Of course, this will do nothing of the sort: the short term doesn’t exist as far as housing production is concerned. It is rare for a housing association to get anything built in less than two years. But in any case, this attempt to kick start the housing market is based on some rather dodgy premises.
First, why should allocating funds to housing associations help the housing market? For most people on housing waiting lists owner occupation is not an alternative and most prospective first-time buyers would not be in priority need and so have no chance of a social tenancy. Therefore, whilst more people might be housed more quickly, this will not have any impact on the housing market.
Second, government grants only fund part of the development of social housing, the rest having to come from private investment. Yet housing associations, like everyone else, are finding it hard to borrow and are increasingly becoming concerned with their high existing debt levels and falling asset values. There could not be a worse time for a housing association to borrow more money.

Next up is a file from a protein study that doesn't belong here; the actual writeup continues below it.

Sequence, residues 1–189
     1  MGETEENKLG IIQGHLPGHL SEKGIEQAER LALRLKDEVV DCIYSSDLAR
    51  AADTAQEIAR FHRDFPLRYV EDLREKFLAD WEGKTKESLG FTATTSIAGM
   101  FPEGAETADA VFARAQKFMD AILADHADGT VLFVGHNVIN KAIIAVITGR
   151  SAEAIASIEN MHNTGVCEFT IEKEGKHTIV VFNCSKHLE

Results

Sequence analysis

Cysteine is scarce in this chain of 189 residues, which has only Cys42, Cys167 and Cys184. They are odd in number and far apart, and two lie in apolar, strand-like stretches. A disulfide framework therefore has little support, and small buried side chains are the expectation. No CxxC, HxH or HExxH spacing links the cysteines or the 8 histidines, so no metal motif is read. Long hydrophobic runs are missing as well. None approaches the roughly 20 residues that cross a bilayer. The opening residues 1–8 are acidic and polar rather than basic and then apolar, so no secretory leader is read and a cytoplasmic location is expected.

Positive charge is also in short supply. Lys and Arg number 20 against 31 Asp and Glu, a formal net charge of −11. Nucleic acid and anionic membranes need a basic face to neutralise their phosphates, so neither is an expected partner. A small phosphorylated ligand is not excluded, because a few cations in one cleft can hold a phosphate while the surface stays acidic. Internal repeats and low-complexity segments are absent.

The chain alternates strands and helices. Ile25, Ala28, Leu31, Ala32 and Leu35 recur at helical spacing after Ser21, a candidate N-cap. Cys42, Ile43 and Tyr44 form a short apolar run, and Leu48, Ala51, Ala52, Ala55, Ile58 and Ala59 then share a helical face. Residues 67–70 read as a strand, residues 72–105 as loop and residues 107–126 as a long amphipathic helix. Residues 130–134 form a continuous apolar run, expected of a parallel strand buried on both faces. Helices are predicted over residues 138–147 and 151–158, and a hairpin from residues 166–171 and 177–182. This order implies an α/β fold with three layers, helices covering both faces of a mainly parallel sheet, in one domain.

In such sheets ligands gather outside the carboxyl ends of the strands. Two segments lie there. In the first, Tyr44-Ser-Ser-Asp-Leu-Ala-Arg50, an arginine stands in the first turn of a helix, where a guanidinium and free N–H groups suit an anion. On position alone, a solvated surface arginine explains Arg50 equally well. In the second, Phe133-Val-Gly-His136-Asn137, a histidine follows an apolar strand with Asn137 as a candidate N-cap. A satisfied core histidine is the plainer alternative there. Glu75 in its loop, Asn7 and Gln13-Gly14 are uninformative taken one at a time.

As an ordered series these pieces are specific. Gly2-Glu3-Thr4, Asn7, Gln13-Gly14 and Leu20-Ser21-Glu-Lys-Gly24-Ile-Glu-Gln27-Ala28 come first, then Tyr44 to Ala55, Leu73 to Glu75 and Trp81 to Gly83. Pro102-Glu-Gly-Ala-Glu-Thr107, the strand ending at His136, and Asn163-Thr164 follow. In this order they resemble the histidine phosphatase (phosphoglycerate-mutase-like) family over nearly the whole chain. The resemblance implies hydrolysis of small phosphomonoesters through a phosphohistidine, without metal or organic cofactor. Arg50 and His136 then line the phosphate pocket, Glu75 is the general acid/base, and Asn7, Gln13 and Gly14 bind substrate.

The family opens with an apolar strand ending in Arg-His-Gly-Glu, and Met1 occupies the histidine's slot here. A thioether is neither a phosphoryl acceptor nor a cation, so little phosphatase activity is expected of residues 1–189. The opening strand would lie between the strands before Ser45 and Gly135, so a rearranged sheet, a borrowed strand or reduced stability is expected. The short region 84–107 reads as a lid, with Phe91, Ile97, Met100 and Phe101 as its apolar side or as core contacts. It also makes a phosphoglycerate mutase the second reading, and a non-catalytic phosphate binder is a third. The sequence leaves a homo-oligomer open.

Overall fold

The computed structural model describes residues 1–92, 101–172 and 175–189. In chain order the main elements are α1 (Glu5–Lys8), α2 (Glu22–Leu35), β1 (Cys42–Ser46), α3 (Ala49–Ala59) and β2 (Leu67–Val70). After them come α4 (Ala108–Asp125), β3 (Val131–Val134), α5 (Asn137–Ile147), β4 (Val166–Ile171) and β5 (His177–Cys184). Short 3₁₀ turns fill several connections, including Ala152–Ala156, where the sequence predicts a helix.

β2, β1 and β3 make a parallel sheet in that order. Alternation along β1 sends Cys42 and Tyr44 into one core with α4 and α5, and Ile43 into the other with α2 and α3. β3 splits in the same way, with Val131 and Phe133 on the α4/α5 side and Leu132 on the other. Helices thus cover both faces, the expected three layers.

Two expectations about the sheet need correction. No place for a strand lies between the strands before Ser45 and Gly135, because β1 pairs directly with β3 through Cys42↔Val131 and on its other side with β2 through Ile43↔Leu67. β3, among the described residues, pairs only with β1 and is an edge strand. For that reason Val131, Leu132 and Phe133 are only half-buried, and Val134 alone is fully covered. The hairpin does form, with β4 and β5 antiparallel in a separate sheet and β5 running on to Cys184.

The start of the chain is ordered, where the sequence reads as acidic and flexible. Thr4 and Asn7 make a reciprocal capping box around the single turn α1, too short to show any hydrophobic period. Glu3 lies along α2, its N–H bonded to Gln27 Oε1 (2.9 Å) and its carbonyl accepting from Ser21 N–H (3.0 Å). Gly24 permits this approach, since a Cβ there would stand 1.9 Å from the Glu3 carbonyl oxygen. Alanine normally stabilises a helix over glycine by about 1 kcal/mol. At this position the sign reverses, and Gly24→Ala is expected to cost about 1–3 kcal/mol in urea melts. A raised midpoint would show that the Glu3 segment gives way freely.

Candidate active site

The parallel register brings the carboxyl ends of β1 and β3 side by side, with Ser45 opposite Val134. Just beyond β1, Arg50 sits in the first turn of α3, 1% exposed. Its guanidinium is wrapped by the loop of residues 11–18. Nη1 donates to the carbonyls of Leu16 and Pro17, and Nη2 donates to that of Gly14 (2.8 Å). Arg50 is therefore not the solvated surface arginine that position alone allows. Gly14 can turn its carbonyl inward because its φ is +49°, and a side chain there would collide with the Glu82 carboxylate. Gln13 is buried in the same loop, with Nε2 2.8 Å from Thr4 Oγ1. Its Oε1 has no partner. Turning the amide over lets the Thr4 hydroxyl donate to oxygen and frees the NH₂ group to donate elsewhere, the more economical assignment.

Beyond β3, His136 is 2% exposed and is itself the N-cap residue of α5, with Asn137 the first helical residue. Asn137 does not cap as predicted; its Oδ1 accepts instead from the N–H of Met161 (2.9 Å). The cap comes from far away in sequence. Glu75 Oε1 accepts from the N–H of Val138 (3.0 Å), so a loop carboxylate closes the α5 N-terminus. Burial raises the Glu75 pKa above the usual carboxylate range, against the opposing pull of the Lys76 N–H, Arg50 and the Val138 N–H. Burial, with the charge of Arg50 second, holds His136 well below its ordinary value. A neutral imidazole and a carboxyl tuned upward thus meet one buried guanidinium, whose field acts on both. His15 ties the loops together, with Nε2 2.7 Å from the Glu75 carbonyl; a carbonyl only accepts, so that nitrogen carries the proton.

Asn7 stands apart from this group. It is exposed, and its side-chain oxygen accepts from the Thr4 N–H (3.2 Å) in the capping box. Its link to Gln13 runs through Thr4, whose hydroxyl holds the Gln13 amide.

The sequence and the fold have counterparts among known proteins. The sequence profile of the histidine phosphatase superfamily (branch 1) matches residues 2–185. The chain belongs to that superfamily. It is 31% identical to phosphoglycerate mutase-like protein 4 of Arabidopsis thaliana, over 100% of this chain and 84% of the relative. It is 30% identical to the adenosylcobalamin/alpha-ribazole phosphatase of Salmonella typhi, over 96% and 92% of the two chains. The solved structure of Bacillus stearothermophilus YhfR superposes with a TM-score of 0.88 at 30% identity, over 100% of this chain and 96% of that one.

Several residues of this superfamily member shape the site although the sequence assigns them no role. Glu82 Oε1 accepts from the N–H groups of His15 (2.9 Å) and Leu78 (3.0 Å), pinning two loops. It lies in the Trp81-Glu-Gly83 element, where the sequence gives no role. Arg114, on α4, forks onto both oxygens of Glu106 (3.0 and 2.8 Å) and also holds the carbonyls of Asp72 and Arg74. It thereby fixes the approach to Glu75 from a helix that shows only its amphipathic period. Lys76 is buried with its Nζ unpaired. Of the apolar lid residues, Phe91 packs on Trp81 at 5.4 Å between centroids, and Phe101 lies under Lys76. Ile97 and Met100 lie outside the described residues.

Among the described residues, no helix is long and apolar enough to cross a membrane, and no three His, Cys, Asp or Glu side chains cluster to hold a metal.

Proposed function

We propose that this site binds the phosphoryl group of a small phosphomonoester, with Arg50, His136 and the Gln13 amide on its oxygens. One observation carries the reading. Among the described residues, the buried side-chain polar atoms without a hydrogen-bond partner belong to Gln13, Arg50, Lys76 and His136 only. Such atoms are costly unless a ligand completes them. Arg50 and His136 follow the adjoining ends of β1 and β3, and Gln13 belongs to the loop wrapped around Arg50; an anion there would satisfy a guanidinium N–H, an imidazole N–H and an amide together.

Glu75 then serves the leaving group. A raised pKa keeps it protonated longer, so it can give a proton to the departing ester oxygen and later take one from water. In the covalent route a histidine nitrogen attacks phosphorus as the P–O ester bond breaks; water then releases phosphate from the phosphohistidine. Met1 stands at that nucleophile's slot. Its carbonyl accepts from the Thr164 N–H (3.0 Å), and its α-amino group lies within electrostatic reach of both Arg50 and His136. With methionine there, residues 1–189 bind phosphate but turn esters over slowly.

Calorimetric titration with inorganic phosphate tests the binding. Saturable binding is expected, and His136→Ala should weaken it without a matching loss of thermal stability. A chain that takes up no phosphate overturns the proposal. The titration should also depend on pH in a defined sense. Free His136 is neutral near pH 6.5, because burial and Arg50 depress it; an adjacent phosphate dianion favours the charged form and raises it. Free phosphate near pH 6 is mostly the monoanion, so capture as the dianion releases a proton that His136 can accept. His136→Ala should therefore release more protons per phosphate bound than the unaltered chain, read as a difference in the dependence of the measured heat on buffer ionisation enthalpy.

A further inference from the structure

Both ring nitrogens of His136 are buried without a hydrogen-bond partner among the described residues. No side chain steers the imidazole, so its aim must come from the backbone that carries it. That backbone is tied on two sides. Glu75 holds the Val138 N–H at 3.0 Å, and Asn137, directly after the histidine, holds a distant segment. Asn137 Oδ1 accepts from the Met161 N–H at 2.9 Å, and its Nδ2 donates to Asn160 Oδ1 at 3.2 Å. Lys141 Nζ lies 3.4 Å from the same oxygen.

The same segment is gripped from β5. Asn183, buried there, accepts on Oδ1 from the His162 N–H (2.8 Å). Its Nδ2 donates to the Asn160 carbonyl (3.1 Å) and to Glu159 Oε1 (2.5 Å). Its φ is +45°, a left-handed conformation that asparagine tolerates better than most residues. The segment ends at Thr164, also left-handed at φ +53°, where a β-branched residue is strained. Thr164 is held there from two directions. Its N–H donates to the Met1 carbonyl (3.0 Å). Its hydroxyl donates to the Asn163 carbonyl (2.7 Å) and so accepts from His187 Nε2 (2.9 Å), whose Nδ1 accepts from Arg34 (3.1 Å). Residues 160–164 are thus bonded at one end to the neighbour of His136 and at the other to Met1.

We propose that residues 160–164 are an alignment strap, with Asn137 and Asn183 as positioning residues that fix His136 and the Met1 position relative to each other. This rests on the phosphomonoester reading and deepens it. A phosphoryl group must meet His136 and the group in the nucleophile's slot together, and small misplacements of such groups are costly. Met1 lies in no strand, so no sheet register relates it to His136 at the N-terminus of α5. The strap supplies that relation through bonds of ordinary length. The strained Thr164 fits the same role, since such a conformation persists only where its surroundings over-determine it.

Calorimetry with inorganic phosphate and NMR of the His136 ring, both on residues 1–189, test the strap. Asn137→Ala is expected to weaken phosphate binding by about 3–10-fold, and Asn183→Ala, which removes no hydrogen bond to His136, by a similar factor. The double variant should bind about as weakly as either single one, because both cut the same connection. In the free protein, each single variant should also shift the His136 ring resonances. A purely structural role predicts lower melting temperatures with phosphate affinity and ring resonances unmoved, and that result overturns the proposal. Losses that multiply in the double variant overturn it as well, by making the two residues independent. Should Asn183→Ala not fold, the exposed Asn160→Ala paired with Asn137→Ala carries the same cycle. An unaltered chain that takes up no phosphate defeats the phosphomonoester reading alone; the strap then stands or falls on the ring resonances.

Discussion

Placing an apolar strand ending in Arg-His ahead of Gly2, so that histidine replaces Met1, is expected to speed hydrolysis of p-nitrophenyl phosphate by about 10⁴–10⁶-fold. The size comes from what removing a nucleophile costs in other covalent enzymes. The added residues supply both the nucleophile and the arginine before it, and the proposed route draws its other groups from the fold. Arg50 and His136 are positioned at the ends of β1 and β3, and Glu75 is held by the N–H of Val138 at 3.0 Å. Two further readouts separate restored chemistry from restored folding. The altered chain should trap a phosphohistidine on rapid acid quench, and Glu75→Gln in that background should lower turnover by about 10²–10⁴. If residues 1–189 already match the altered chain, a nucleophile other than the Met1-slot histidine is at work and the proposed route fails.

There is a more fundamental problem, however, with this rush to build. Building more social housing risks creating even more centres of dependency and worklessness. We ought to have learnt by now that social housing is an experiment that has failed to improve the life chances of the poor.
Much better would be to start focusing on the individual needs of households and tailoring housing support accordingly. If we want to bolster the housing market what we need to do is to ensure everyone has access to it, not sit around for a couple of years waiting for housing associations to build more ghettos.